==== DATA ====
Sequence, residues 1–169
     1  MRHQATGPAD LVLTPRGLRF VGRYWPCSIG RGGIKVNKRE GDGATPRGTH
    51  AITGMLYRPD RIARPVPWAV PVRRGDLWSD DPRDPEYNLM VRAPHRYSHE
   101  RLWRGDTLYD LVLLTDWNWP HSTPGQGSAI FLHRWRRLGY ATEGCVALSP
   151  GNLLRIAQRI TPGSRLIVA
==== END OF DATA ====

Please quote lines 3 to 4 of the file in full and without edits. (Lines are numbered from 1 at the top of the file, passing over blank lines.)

    51  AITGMLYRPD RIARPVPWAV PVRRGDLWSD DPRDPEYNLM VRAPHRYSHE
   101  RLWRGDTLYD LVLLTDWNWP HSTPGQGSAI FLHRWRRLGY ATEGCVALSP